We summon our audience one by one in the same way we invite our friends, family, and neighbors to a barbecue. We cook and prepare our theater in the same manner as we host and share our homemade meals.

We are the Potlatch gathering of an ageless tribe.


Audience is this creative accident of one’s life and time on earth. As I age my significant others begin to die off. Yet my dead parents and others remain my primary audience, full subscribers, partners in the attempted articulations of this flesh.

As I climb onto the stage as priest/victim up the side of the pyramid, the rehearsed breath readies its speak. Wet word poised as deed on the lusty lip. I seek the tongue-tied Word as Flesh. I wish not to be understood, but known. I meet my four peers at the summit where we become one with the fifth. The fifth is always there, never there. As element, as god, as the theatre of our making.

Carved from its captivity, the still beating heart is raised high. The groundlings stand in awe. But they are not the audience. My parents’ parents have risen up within the blood of my raised heart. And the Seventh Generation has gathered just beyond the living to witness Deeds, the Doer, and Words, the Speaker.

I am here for you, my love, as always.


This post is part of a Theatre Think Tank initiative. Please read the related posts by other participants in today’s effort. I’ll list below the other blogs posts on “the value of theatre” as I read them:

An Angry White Guy in Chicago
Theatre Ideas
Theatre Is Territory
The Next Stage
Bite and Smile by Joe Janes
A Rhinestone World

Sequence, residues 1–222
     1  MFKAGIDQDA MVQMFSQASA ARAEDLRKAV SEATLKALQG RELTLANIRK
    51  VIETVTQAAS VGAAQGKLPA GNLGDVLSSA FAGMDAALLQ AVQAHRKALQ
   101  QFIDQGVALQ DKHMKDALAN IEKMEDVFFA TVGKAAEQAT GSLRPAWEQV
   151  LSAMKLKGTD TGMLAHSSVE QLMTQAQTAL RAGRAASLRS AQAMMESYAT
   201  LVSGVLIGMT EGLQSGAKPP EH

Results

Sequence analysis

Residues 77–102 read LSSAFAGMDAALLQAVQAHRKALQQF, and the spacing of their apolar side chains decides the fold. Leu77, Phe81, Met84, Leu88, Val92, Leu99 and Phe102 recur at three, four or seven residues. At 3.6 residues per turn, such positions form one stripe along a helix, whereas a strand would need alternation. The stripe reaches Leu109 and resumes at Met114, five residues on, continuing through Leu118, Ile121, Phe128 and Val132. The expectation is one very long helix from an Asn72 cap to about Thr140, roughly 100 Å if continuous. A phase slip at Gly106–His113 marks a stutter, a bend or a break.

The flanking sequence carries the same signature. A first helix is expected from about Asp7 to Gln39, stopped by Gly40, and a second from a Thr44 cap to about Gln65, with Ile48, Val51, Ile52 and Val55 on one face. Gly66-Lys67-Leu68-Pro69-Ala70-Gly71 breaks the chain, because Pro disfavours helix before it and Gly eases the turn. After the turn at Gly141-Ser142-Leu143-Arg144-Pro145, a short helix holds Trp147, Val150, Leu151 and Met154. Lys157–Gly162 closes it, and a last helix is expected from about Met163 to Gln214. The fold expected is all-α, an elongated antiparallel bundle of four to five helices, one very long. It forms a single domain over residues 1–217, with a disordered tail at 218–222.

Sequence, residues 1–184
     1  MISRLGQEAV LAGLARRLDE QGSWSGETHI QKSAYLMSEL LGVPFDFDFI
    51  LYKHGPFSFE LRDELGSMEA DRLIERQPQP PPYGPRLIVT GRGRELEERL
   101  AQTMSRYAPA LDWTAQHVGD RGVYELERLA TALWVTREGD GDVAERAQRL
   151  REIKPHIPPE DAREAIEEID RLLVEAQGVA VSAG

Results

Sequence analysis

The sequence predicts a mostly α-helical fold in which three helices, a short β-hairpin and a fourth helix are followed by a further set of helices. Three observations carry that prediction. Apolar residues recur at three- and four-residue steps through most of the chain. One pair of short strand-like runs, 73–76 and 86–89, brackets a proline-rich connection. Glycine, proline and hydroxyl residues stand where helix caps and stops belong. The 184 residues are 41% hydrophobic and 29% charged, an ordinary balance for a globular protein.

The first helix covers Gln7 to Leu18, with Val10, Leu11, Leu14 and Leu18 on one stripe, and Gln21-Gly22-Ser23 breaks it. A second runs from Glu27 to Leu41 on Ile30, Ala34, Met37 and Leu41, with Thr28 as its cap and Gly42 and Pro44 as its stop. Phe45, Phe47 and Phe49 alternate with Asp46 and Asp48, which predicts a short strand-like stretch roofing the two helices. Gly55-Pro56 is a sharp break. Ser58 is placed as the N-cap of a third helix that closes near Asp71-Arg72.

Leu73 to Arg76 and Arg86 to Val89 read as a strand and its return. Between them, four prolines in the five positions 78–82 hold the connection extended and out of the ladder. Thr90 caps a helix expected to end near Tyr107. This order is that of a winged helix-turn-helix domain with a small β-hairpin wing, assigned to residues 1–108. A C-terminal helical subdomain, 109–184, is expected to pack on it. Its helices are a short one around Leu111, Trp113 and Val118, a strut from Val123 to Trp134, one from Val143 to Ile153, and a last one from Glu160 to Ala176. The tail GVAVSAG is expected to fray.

That Sounds Cool
On Theatre and Politics – Matthew Freeman
Never Trust Your Pet With the Devil Vet
Theatre For The Future
Mike Daisey
steve on broadway
Jay Raskolnikov — half hillbilly, Demi-Culture
The Mission Paradox Blog
GreyZelda Land
Que j’ai rêvé
Midnight Honesty at Noon
Carmi Neighborhood Watch 

2 thoughts on “The Heart of Failure and Promise

  1. Nick, you are a Jeremiah…and yet no bullfrog…and I hope a good friend of mine. (with a nod to Three Dog Night) We need screeds like that, a thousand more like that, and more than that, we need action. Courage and action. Did you see or read Eduardo Machado’s speech to ART/NY last year? Absolutely thrilling. Truth must be spoken and spoken and spoken again. And, for those who didn’t listen, slaps. Gentlemanly ones, with gloves, but slaps nevertheless.

  2. Hey Trav, sorry I have been so tardy with a reply. I’ve been in production meetings this last week for our new play. Thanks for praise and I’m definitely with you on need for action. I hadn’t heard or read Eduardo Machado’s speech. He’s right on except his misstatement on My Name is Rachel. Read the speech here, with a short NYTW rebuttal at the bottom.

    “Which leads me to the biggest headache from the biggest wall that I have walked into every day for the last two years. The language and bureaucracy of grant giving on the part of both corporations and foundations, New York City and State. Their insistence on a for-profit model is really at the heart of our problem. We’re back in the land of The Bald Soprano.

    “We must all fight against this. Non profits theatres should not sell tickets for a hundred dollars a seat. That’s criminal. How are we ever going to find a new vital audience at those prices? Even sixty five to forty-five is unrealistic. Not everyone has a trust fund. Not everyone in New York City is rich. The audience we’re missing can barely afford 20 dollars. But if we gave them a reason to, they’d get the money together. I did.

    “We have given into the worst kind of greed. The corporate model. And I’m sorry but our work has suffered because of it.”